Patients aren’t always vocal about their spiritual needs. Be sure to explore and support spirituality for the dying. Resolving unresolved emotional issues may end up being the key to a peaceful death.

7. Room
Typically, patients and families want to be together during the dying process, although individual needs vary. Try to have a sense of what the patient wants and support that. Move everyone to a private room, honor the space and let it become the patient’s “home.”

8. Monitors
Letting go of technology can be painful for both staff and families, but the more they focus on machines, the more quality time they give up. Give everyone permission to ignore the numbers by turning the monitors off if you can.

9. Quiet
It’s true: A patient’s sense of hearing is often the last to go. Help everyone in the patient’s vicinity refrain from inappropriate chatter and encourage the family to gently interact with their loved one as a reminder that he or she is not alone.

10. A Good Death
A good death is about both the dying process and the time after. When Mom and I wanted bathe and dress Dad’s body after he died, the nurse looked at me like I had three heads, but that’s how we do things in hospice care. Make the time after death special instead of clearing out the room and prepping for your next admission. Your charge nurse might not like it, but it’ll make a big difference for the family.

My dad had a beautiful death and I’m forever grateful. It happened because he had so many people who loved him and a wonderful med-surg staff to care for him in his final days. If you apply these tips to your practice, the families of your dying patients will say the same about you.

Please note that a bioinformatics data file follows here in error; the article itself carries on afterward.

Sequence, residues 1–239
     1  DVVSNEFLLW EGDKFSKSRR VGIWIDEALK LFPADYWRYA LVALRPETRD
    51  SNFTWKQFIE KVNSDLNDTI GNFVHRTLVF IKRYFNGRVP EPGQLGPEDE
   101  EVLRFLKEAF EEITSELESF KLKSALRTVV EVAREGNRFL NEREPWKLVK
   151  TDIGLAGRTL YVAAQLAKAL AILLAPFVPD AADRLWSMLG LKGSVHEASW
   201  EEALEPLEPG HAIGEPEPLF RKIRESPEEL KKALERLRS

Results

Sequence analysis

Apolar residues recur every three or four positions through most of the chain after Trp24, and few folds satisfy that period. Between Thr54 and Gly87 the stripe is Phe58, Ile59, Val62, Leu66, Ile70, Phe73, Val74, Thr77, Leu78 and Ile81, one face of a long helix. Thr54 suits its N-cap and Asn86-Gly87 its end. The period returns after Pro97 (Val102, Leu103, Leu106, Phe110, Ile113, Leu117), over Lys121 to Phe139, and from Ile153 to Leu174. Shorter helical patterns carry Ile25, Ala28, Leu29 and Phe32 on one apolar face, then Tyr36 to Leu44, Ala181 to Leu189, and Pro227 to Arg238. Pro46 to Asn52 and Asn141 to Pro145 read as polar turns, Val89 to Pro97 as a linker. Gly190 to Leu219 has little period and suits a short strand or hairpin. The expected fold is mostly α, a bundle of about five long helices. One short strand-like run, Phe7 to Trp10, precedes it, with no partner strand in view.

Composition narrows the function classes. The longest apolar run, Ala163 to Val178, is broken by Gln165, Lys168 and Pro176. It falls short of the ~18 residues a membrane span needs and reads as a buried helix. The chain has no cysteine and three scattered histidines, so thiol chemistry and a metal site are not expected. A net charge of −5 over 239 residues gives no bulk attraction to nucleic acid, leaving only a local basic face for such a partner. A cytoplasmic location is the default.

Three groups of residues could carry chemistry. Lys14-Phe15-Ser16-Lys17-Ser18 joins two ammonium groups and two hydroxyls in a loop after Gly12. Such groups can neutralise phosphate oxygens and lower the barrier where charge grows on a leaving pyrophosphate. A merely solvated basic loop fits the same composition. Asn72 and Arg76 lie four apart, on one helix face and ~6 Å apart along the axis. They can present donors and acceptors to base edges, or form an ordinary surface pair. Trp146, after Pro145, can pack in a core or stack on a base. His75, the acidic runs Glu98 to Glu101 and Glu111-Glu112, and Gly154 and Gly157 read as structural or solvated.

For more information about caring for the dying, check out the resources offered by the National Hospice and Palliative Care Organization (www.nhpco.org) and the Hospice and Palliative Nurses Association (www.hpna.org).

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DEATH RITES

Methodist Hospital reaches out to Chinese-American community on end-of-life issues

by Aaron Severson


Death is one of the most universal of human experiences and among the most divisive. Every culture and philosophy has its own beliefs about death and dying and the range of customs and funerary rituals is endless. That can create serious conflicts for healthcare providers, patients and families in dealing with end-of-life issues. Some families opt to avoid palliative or hospice care entirely rather than risk clashing with providers who may not understand or respect the family’s traditions and priorities.

Ancient traditions, modern hospital